So I went to a wedding this past weekend. It was a friend of Steph’s, a fellow designer that has peppered her work past and looked to her as a mentor of sorts. The bride was young, 25ish, meaning the guests, minus the family, were approximately the same age as her. Me, being a robust 43 years old, and my wife, who is way younger than me at a dainty 40, are now attending weddings and slotted in the same age bracket as the uncles and aunts or older cousins or, imagine that, current or former co-workers.
Now I like weddings, I am a sucker for sentiment and it is difficult to find warmer rooms during the toasts, speeches, first dances and the other traditional moments that leave me with something in my eye. There is also usually free booze and while this particular wedding stuck with just beer and wine (which is fine, I get it, it’s a cost saver and being a fairly religious crowd, the desire for alcohol was pretty limited) it was still free and still cold.
Now I dropped this little nugget of info–the religious part–as a deliberate segue into my next observation. I am not a pious man. I was raised without religious influence and very rarely went to church. That being said, and unlike my ranting father, I do not hold religion accountable for all the world’s perils and mistakes. I think if people want to blindly believe in something or someone, go ahead. I am almost envious they can place so much stock in something inherently intangible. Another reason I don’t mind it is the deep rooted values of religion, the goodness, the honesty, the integrity, the do onto others mantra that some religions are rooted in. This particular group was Christian based, the couple met through their church and the ceremony was held at this tiny church in downtown Toronto. The ceremony itself was brief, surprising considering the canonical participants, but so filled with love. Love for each other, love for their family and friends, love for God, love for the community that it was difficult not to get caught up in the beauty of it all. I gripped Steph’s hand throughout.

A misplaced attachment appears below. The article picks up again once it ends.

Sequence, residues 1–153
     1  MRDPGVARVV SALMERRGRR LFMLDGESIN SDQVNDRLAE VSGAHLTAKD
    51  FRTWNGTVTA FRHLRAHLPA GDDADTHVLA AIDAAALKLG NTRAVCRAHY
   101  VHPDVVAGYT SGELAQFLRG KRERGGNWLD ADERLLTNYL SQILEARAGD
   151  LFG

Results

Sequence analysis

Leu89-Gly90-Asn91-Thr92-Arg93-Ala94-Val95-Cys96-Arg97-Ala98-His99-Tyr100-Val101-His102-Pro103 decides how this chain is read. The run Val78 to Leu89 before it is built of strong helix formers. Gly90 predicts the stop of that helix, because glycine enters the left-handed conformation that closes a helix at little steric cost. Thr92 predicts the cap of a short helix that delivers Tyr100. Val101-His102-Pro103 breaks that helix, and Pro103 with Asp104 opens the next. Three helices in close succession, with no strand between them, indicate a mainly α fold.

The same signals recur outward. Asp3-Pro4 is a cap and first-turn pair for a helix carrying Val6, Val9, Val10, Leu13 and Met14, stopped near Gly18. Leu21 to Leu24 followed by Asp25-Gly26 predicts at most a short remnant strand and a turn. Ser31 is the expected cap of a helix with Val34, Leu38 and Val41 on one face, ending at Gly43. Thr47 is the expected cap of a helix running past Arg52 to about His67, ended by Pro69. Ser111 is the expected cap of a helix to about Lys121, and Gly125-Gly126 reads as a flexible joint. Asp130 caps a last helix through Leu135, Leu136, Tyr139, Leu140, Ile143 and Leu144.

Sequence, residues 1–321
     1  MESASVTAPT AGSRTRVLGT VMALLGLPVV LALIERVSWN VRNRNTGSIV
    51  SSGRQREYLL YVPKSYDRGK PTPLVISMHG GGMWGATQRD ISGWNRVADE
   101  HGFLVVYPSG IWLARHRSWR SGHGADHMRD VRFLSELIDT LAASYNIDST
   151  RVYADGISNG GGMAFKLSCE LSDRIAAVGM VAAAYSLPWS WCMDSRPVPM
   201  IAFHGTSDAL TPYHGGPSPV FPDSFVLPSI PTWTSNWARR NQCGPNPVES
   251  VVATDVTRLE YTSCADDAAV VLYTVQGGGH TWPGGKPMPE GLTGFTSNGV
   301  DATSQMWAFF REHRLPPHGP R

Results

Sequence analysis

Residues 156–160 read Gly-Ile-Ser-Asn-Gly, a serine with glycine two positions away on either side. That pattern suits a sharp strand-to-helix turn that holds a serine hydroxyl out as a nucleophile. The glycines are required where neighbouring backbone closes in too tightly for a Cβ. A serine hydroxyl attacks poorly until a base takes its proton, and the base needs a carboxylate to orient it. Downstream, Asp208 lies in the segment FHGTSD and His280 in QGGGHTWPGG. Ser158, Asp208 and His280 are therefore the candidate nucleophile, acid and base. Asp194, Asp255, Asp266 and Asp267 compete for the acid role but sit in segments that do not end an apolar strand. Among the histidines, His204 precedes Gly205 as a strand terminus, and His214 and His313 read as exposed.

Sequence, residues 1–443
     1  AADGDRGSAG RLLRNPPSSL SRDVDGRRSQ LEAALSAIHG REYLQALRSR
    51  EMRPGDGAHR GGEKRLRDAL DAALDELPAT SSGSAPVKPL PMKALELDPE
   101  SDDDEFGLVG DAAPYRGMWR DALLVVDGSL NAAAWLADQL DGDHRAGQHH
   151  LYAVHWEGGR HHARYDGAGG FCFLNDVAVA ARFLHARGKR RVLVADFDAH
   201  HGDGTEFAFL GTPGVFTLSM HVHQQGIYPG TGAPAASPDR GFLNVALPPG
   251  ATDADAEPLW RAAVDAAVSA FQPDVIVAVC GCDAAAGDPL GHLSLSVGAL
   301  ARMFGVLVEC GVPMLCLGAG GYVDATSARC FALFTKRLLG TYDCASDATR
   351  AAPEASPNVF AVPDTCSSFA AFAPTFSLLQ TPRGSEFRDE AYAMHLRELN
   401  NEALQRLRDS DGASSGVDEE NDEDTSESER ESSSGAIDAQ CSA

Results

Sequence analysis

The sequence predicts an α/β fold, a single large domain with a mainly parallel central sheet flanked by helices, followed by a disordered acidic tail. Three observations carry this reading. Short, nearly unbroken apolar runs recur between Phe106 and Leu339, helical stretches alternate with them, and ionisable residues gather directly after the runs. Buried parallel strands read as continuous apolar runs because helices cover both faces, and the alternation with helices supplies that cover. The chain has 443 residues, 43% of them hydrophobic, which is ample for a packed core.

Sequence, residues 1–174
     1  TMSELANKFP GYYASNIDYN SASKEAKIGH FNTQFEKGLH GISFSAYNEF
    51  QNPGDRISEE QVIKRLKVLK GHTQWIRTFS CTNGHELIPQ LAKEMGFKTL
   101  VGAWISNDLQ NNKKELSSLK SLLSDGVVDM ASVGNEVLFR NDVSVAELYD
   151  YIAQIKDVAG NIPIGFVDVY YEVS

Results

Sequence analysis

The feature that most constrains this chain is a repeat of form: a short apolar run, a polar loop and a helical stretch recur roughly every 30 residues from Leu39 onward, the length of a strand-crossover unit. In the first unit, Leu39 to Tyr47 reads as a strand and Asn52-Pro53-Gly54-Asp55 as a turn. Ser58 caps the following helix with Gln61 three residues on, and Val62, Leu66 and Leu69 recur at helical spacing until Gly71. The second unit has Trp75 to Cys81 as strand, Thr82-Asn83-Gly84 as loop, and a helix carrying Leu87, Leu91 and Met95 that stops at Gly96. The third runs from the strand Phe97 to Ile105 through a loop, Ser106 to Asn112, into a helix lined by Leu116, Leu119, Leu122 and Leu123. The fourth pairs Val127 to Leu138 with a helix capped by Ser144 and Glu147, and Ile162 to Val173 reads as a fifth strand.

My friends are not religious. We mostly are a pretty cynical bunch with razor sharp senses of humour and an unhealthy appreciation for material things. We love each other, love our kids, but are pretty insular and self involved. We occasionally talk a good game and sometimes try to make a difference, but for the most part, we drink wine, we tell bawdy stories and grunt out the days waiting for the calendar circles to arrive. Hoping the days we look forward to outnumber the days we dread.
Something is brewing in this often confused soul of mine. Not unlike the strong winds currently ripping across this continent, my own personal winds of change are blowing. This wedding was not a moment of epiphany, nor was the previously attended conference. But things are piling up in this cranium of mine, a sense of longing for something more, to get off this plateau of banality, to start lighting fires for my sons to bask in, take comfort in, to feel the god damn glow.
Oh and just in case you were wondering, I am Jason Graham. Number 139. Stay tuned.